Bennett said that seemed to give a boost to the children’s self- esteem.
“It took us eight years to get the permit to shelter families,” Bennett said. “That was a miracle, because most people told us that would never happen. But we prayed long and hard for that.
“Our prayer now is to be able to buy the building and lot next door where we can offer entire families – moms, dads and children – a safe place of shelter,” she said. “We could do so much more.”
Never mind that the property is not for sale. God could work that out, Bennett said with a grin.
Many ministries, one mission
Ministry to the basic needs of the people helped by Friendship House is what allows Bennett and her staff the opportunity to meet their spiritual needs.
“Ninety percent of homeless women have been in abusive domestic situations at some point in their lives,” Bennett said. “Everyday in the U.S., women are killed by domestic violence. We know that most incidents are never reported.”
Up to Hope, another ministry at Friendship House, is for girls fourth grade and up. “You might could call it Breaking Free teenage-style,” Bennett said. “We work with these young girls on self-respect and their dignity through Christ. This is an investment to
keep them from ever getting into unhealthy and dangerous situations. We let them know that through Christ there is hope for their futures.”
Friendship House volunteers and staff distribute snack packs — self-sealing bags with canned meat, crackers, cheese, and other items — to homeless people living in “homeless villages” around town. They also distribute hygiene kits with soap, shampoo and
They offer sewing classes, English as a second language classes, literacy classes and work skills classes.
Bennett said one of her personal favorite ministries is the “bathroom ministry.”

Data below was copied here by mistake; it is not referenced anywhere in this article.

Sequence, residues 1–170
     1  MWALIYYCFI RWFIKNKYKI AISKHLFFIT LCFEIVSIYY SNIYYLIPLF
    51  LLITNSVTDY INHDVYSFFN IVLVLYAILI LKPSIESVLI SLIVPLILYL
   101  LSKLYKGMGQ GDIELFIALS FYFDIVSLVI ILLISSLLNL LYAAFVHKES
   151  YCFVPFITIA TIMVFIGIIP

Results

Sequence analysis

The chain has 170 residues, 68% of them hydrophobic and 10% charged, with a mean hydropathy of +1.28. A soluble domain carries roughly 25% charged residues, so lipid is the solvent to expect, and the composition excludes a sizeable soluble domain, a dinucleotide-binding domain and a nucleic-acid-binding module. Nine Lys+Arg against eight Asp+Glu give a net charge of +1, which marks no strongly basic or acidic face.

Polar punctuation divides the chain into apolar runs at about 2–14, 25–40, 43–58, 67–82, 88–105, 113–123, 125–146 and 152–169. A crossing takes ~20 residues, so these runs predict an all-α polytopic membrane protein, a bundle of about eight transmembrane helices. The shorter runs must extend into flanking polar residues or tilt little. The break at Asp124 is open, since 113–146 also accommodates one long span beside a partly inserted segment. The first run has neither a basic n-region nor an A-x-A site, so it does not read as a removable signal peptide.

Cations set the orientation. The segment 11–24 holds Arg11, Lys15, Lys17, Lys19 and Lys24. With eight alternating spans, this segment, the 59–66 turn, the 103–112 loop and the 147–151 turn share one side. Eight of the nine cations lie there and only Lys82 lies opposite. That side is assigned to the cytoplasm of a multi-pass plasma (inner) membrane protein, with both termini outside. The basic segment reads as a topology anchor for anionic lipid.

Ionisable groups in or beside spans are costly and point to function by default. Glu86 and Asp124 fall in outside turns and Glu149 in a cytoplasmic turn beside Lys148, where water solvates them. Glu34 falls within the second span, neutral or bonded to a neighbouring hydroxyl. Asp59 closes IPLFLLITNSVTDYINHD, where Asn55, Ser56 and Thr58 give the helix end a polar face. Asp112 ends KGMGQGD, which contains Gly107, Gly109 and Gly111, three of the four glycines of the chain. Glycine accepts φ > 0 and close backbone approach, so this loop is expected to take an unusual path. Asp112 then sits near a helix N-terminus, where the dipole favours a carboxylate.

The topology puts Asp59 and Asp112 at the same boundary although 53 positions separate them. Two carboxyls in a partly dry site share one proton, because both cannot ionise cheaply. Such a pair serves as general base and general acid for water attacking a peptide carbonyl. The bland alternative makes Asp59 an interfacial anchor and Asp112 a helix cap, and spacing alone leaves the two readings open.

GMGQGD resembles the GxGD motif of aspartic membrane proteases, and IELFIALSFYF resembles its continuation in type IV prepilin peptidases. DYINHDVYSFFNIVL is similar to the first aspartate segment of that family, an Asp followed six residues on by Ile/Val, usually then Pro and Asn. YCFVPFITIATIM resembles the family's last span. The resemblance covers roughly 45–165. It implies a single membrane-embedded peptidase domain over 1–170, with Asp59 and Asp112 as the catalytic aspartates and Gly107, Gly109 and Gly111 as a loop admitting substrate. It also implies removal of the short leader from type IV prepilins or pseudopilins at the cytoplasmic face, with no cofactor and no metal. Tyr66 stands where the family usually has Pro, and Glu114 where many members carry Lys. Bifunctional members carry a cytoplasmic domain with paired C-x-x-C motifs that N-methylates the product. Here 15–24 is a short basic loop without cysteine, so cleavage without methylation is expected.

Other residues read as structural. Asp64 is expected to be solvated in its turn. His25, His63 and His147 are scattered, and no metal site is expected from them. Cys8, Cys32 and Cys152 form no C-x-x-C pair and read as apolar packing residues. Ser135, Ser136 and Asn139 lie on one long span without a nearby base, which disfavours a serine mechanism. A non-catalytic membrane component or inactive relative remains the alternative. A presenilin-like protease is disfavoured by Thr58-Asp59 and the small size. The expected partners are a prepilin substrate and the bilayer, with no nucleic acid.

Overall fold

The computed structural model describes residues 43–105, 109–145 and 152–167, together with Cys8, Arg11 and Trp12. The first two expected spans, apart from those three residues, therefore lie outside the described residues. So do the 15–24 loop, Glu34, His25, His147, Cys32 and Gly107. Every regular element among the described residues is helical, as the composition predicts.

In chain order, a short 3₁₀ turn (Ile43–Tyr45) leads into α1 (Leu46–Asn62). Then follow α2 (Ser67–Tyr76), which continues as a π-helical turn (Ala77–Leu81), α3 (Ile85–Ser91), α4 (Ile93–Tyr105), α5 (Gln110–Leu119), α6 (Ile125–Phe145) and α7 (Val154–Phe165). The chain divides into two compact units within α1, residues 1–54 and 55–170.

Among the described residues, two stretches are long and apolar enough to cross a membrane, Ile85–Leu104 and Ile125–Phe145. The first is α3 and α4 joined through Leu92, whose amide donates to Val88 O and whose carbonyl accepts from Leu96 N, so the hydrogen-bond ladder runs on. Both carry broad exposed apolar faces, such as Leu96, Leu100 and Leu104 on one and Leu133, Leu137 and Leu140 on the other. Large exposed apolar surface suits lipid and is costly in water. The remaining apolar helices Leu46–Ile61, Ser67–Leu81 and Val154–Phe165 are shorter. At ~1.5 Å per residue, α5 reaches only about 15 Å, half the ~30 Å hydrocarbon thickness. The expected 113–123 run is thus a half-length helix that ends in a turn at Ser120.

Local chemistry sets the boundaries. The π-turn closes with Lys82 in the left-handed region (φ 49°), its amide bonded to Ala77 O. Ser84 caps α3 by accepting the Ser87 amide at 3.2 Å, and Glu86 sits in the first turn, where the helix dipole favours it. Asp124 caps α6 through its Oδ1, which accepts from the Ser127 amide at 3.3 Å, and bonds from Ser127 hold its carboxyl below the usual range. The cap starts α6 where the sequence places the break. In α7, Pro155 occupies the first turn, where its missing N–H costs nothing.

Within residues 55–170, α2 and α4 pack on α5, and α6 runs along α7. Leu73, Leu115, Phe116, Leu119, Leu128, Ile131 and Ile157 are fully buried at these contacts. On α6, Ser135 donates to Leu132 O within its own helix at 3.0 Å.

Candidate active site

“There aren’t a lot of public restrooms around here,” she said.
“When a woman comes in and needs to use the restroom, I tell her she is welcome. It’s amazing that when she comes out, she is willing to listen to anything I have to say!”
Bennett recounted a story about a woman who came in wearing a T-shirt with an “extremely vulgar” saying printed on it. Bennett told her she would give her two clean T-shirts in exchange for the one she was wearing. The woman agreed. Then, she asked Bennett what her traded T-shirt said. “When I told her what her shirt said, she was
really embarrassed. She couldn’t read and didn’t know what it said.”
Ministry reminders Pat Allen, a New Orleans resident and member at Franklin Avenue, attended the Breaking Free taping and helped put together food packs and made handmade cards to go in the bags.
“I believe when people see that someone made them a card and read the message that says God loves them and cares about them, it will stay with them,” she said. “People need a word from God and these packs will be a good reminder.”
Bennett said, “We do a lot of ministry here and we talk about Jesus all the time, but we also do a lot of lifestyle evangelism. People down here don’t trust in much, but if they see it, they believe it.”
For more information about Baptist Friendship House, go to http://bfh.lifewaylink.com.